How about lettuces? Well, M and I grow those, and let me tell ya, those are exactly what I was thinking of when I was watering the other day – A simple salad we’d made had taste and texture, because of the lettuce – Shut up! Ah, but those aren’t nice, uniform, large, tough, resilient heads you can ship and display and sell for days, so, they’re out too.

Real Celery isn’t insipid - It’s flavor packed and seriously crunchy
Real Celery isn’t insipid – It’s flavor packed and seriously crunchy

Celery, maybe? Celery?! Tasteless, boring celery? Well, in the store, yes, that’s exactly what it is. Our plants are anything but. They have bold flavor to match a crisp, crunchy texture – The leaves alone are potent and complex – But they don’t grow in big, tight, uniform bunches either so again, no go.

Herbs should never come in plastic containers...
Herbs should never come in plastic containers…

Whatever you name – Chiles, peas, cucumbers, radishes, and any herb there is – You’ll find them in the store, but what you’ll find in this country is chosen for the unholy trinity of shipability, shelf life, and the appearance of relative bounty – Three things you and I definitely do not need.

Wanna take a guess at how many folks know that this is how artichokes grow?
Wanna take a guess at how many folks know that this is how artichokes grow?

Mike followed up with this thought, ‘I have always assumed that the produce we get from our stores is tasteless because the distance from producer to table is so far – and I am sure that is part of it. But your observation that we have grown used to bad produce is insightful. We eat bad produce because we just don’t care about produce.’

Sad but true, my friends. There’s a local garden here in our area, much beloved, and big enough to regularly supply local grocery stores with produce in season. It’s pretty, and it’s fresh, but frankly – It’s a local version of the same stuff we always see – It’s chosen for those three criterion I mentioned – And as such, there’s really no magic there.

Produce magic begins at home
Produce magic begins at home

The good news is that things do seem to be changing for the better. Folks of many generations here are growing tired of paying for crap, which is forcing Big Agro to change, some anyway. We see far more varieties of apples than days of old – Same goes for lettuce, onions, chiles, and so on – And there is stuff therein that is quite good, if we choose wisely. More and more stores are stating straight out where stuff comes from, which is good, and if you do your due diligence, there’s quite a bit more to be sussed out.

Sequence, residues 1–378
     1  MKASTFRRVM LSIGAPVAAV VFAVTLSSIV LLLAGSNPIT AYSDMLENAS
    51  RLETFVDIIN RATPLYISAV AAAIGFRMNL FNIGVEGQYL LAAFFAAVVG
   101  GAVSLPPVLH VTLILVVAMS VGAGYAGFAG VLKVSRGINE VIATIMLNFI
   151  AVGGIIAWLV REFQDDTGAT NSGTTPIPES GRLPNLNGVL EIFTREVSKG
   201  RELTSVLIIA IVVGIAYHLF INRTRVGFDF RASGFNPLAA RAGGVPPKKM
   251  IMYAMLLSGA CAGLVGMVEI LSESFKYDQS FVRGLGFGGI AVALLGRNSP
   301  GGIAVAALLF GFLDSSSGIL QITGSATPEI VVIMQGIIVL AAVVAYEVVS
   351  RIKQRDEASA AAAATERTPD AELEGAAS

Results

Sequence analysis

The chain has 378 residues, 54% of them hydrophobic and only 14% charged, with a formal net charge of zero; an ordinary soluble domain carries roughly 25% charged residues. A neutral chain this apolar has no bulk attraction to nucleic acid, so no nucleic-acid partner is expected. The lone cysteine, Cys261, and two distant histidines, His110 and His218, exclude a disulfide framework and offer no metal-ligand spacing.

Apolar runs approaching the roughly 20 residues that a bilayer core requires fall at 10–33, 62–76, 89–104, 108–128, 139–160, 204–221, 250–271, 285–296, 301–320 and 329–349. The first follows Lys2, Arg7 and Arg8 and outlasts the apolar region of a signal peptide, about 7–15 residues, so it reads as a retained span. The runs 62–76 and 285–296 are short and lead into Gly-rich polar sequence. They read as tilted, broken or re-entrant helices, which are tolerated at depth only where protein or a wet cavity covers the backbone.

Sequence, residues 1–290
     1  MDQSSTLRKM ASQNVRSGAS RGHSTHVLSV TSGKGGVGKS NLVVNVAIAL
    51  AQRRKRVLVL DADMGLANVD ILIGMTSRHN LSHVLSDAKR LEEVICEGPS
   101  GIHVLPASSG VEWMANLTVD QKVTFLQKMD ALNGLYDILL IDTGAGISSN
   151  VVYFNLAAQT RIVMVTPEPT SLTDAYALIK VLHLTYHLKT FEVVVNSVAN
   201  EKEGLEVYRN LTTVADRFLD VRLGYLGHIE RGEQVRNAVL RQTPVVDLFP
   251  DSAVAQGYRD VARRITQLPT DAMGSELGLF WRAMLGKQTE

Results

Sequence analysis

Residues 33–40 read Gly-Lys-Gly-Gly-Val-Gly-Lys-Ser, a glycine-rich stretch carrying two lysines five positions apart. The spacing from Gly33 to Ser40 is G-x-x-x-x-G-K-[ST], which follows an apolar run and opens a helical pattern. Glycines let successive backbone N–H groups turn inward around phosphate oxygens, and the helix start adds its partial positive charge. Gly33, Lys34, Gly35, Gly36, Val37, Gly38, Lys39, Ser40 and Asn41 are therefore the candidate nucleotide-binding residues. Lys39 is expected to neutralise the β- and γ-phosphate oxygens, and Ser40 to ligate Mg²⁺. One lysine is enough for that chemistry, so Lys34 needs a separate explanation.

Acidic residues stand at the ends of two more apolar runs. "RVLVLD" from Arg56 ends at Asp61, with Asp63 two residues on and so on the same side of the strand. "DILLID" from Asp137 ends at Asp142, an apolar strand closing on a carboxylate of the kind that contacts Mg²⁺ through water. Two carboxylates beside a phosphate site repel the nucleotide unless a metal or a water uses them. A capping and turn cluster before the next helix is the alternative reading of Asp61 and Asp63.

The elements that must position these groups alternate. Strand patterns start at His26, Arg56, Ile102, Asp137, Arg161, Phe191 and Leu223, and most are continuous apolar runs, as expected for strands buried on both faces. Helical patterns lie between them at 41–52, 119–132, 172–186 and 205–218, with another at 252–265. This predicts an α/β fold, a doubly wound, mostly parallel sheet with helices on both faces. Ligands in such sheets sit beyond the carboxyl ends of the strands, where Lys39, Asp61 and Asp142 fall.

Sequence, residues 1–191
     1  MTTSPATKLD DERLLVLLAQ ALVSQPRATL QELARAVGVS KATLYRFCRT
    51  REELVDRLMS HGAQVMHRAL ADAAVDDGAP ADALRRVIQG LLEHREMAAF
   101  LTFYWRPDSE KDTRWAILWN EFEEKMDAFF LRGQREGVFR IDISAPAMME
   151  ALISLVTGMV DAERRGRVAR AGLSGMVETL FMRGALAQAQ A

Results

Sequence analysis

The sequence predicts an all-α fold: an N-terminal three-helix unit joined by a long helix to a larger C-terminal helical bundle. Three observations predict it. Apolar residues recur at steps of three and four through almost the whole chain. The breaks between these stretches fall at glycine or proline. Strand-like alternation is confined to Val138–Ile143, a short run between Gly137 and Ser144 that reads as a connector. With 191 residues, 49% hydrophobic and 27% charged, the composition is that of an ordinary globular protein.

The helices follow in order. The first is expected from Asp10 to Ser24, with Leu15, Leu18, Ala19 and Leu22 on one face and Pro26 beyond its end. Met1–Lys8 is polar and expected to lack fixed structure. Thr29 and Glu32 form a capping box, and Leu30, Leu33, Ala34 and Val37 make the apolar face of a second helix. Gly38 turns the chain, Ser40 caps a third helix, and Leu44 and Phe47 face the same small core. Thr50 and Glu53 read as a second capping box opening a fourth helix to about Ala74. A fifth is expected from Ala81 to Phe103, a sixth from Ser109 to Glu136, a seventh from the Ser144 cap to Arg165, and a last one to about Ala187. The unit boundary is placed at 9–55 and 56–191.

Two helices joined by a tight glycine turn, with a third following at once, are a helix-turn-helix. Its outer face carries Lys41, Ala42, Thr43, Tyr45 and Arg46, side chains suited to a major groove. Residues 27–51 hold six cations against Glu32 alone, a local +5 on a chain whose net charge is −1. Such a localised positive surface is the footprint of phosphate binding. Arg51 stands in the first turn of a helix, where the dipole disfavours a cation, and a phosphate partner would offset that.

A lot of that process means really, truly checking out what you’re choosing – Do you squeeze, poke, prod, and sniff what you’re buying? Do you find a produce person and ask pointed questions? That might be anything from, where is this from and when did it get here, to what’s the harvest date on this, (there is damn near always a harvest or packing or production date), to ‘I don’t know how to tell a good (your selection here) from not – how do you do that?’ In any store worth your hard earned dough, they’ll be able to answer those questions – And if they can’t, (or you don’t ask), shame on you – You get what you pay for.

Mike’s next query was, ‘So what do we do in the US that shows the care and quality that we found in the seemingly universal high quality of Irish produce?’

The good news is that there are things to be found here, and that trend is slowly but surely growing, all over the country – If you read the Rancho Gordo bean post, there’s a shining example. Try those, and suddenly you’re thinking, ‘why am I buying these plastic bags and cans full of tasteless crap when these are out here?’ I’ve seen it first hand with stuff from our friends CSAs in Minnesota as well – How folks react when they have celery that has taste, what good lettuce is like, and so on.

That’s what fresh produce looks like, gang
That’s what fresh produce looks like, gang

As for a specific answer to Mike’s last question, I’d say this – If they come here planning to cook, and have facility for such and then go to an average grocery store, what will they get? Mostly crap, unfortunately. If they’re smart, which I think many are, they’ll seek out and find farmers markets – those are the gold standard here these days. In our relatively little town, there are dozens of producers offering gorgeous produce, grown with genuine love and care, just as we do here at home – I’ve had everything from rainbow carrots with amazing taste and crunch, to tiny fingerling potatoes that were melt in your mouth delicious, with a slight tang of the earth they came from as a back note.

So if there’s a unified field theory as to how we go about changing the status quo, this would be my three cents worth.